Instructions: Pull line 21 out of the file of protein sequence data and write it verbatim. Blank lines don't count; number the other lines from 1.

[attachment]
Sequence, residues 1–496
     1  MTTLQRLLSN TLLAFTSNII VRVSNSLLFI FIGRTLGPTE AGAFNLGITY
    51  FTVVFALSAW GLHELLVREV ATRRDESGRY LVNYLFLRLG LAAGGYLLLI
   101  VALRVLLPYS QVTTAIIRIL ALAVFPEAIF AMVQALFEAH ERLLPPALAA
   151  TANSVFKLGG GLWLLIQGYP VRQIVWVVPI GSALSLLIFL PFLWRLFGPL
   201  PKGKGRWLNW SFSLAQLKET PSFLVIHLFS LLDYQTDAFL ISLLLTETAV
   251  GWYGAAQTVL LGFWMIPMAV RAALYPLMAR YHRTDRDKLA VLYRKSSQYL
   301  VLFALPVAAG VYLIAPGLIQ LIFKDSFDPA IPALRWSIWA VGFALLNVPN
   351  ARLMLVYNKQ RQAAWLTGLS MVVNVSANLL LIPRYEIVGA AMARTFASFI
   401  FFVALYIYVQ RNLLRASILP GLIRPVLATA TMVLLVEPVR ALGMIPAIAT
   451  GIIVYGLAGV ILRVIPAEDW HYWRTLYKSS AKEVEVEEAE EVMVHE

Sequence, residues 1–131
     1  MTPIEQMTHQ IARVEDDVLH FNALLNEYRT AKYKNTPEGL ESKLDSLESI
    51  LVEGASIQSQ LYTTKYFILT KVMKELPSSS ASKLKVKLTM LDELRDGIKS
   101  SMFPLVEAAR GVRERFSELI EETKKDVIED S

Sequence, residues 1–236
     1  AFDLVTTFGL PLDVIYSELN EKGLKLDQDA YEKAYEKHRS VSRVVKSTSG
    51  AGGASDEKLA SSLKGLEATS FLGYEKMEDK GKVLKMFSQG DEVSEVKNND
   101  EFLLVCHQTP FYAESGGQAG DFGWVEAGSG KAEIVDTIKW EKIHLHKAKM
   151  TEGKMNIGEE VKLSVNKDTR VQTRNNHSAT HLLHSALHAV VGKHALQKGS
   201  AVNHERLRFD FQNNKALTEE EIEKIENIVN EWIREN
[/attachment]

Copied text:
   201  AVNHERLRFD FQNNKALTEE EIEKIENIVN EWIREN